Into the Heart of the Alps

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Survivors Are My Motivation, July 5, 2011

Stage 7, D57 (St Sauveur-sur-Tinee à Refuge de Longon)

6.94 miles, 4,753’ up, 164' down

Go to this map and hover over the triangles to see where the stage we just completed is relative to the entire trail.  (The stage beginning and end locations are probably backwards, as we are doing the trail in the opposite direction.)

Today was a long day (7+ hours) and virtually all up (4700' up, but who's counting?!). I had a lot of time to think of those who inspire me with their courage and ability to overcome great odds. Thought a lot about other AFib survivors and two friends who have just completed extensive cancer treatments (yes you, Bonnie and Mary). Also felt much gratitude for the blog readers who have posted comments (emails are welcome, too! intoTheHeartOfTheAlps@gmail.com). Funny how survivors and trekking put things in perspective - no benefit to having great angst about the long haul, putting one foot in front of the other (taking each step of treatment) and taking each breath is what gets you to the end of the stage, every time.

Roure
Town of Roure, site of our "second breakfast."

Today's path was a beautiful trail through pine forests and flower-filled meadows, looking across huge ravines to snow-residued higher peaks. Just as I was about thinking the up would never end, a flock of sheep and goats (with dogs and silent shepherd) came clinkeling over the top (lots of bells) and covered the entire trail as they passed.  Several of the goats were very inquisitive, trying to give Bob and me kisses. That lifted my spirits and kept me going to Refuge de Longon.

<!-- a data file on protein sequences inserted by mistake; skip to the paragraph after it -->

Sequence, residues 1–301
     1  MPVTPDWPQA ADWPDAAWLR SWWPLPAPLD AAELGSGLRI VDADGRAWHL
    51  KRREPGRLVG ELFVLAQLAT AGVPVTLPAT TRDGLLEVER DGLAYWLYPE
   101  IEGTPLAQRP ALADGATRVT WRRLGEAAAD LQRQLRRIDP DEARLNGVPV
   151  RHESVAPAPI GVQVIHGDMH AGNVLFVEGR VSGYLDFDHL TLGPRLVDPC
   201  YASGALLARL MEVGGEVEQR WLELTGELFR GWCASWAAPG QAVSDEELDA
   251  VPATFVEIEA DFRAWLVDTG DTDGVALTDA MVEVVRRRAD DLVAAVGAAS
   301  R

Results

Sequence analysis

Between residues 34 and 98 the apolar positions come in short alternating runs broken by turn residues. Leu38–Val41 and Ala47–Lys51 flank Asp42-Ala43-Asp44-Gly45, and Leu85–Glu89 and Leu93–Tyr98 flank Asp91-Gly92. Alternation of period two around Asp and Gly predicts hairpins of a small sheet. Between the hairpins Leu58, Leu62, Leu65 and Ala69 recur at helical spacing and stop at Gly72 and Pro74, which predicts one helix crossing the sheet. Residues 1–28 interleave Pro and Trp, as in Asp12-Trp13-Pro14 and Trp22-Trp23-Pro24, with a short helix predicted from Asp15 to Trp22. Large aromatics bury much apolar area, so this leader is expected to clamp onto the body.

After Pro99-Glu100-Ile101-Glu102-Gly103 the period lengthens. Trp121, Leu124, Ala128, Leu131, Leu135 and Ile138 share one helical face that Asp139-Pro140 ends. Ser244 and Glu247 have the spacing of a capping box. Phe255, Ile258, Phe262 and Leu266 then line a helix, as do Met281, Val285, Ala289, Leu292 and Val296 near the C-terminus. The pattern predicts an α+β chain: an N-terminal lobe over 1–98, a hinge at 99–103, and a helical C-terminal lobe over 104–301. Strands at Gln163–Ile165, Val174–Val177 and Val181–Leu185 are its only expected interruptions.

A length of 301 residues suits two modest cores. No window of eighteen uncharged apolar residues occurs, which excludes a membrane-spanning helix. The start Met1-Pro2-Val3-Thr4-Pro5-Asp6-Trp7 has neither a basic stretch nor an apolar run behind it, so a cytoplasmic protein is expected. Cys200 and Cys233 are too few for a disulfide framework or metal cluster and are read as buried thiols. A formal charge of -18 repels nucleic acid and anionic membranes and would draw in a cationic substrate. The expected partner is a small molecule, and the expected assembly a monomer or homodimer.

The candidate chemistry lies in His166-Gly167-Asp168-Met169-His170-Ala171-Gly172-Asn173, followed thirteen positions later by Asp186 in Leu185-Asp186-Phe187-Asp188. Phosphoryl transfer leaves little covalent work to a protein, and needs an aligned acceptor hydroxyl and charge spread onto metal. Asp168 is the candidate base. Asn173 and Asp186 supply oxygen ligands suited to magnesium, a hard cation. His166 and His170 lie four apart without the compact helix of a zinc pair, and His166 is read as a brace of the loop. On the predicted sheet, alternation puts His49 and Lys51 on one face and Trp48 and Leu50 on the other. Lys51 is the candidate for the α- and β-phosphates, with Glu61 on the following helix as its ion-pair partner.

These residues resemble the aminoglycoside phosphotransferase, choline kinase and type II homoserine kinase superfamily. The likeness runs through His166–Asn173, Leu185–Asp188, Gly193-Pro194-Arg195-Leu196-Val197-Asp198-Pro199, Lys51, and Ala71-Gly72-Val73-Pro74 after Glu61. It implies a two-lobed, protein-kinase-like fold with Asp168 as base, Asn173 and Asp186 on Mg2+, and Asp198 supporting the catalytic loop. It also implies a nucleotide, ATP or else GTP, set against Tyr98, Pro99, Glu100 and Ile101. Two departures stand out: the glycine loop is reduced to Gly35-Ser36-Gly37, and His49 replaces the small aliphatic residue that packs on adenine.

The refuge is a long stone building set in the most beautiful mountain meadow you can imagine, with marmots scurrying on the higher slopes, wolves howling even higher up, and cows/goats/sheep for the on-site fromagerie (cheese-making facility) wandering around being herded away from the human guests by dogs. Oh, and flowers everywhere.
Longon 
Refuge de Longon

We were the first of the evening's guests to arrive in mid-afternoon (can you imagine?!) and spent leisurely hours actually reading books. Other hikers arrived over the course of the afternoon - mostly middle-aged French couples. Their routine was to pick out which mattress on the floor they would inhabit for the night (dorm room style again); take a COLD shower, dress quickly, and come outside to warm up in the sun; wash the day's clothing in the trough of running cold water outside the building, and hang them up to dry on any available hanging space; then order something to drink and chatter away while waiting for the evening's meal. Dinner was served family style, with appetizers (baked strips of polenta-style dough) and aperitif (rose wine) served outside, the rest of the meal (plenty of hearty food, no vegetables) served at long wooden tables inside. No-one, including the refuge hosts, knew the name of the dessert, which was the cream that separates from the milk "fermented" for 24 hours - yum!

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